News and notes
Wiki Loves Monuments evaluation sees diminishing returns and increasing cost
The Wikimedia Foundation's first two program evaluations of 2015 have been published on Meta. These examine the annual Wiki Loves Monuments (WLM) and other photo competitions that have been held around the globe, with an eye towards finding what worked and what did not. Although WLM is an international contest, it is organized separately in each country, with separate budgets and contests in each before the winners advance to the global finals. It was first held in the Netherlands in 2010, and the success there encouraged organizers in other countries to join.
The evaluations reveal that in the last three years (2012–14), WLM has possibly fallen victim to its own success and seen diminishing returns: the average total number of uploads has decreased from a high of 6,266 images in 2012 to 2,714 in 2014 even as the average money spent per upload has increased from US37c to 90c. While the total number of images increased from 2012 to 2013, it was less than half that in 2014. The number of images in use on Wikimedia programs has dropped both in total number and percentage, and the cost per used image has gone up from $3.03 in 2012 to $6.31—although this is an improvement on 2013's $6.61. Cost per participant was, on average, about $25. About 1% of the total image uploads were later rated as "quality" or "valued" images.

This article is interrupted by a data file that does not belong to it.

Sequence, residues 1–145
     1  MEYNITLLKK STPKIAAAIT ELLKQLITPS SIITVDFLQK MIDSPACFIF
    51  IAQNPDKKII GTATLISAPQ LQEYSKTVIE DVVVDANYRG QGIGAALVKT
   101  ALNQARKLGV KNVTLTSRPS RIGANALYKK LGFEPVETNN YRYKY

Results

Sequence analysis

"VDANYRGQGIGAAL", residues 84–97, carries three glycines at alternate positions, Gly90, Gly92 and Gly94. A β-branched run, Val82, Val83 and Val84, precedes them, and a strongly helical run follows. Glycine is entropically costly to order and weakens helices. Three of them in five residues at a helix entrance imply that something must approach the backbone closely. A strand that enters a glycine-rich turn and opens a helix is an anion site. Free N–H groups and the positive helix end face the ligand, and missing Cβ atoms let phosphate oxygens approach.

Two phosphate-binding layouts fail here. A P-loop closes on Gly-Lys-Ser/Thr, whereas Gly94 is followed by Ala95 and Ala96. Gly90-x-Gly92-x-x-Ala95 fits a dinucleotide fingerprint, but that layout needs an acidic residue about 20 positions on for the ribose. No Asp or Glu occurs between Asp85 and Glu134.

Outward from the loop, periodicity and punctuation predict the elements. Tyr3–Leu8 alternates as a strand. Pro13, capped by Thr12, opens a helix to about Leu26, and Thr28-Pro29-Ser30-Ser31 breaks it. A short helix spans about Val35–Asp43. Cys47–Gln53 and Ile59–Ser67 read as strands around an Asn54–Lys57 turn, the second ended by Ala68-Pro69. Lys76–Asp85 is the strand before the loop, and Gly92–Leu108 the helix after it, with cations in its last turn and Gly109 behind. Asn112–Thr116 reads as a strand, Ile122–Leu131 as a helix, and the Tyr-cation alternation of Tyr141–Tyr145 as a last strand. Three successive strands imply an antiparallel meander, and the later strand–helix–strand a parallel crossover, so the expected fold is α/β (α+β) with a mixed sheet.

The users participating skewed heavily towards people who had never edited Wikimedia sites: over the three studied years, about 1,400 current and 14,000 new users participated. The conversion rate into continuing editors, as measured by having at least one edit three months after the competition, is 2.4%. Extending this to twelve months after the competition (for programs that ended before February 2014) shows that the programs netted 16 "active" new editors, or 0.3%—those who made more than five or more edits in the studied period.
The overall data analysis by the WMF suggests that "When planning a photo event, it may be useful to try to balance group size with both new and experienced users to increase use and ensure high quality uploads." For funding, the evaluators recommended that the WMF be "cautious about the investment level" amidst the contest's diminishing returns. E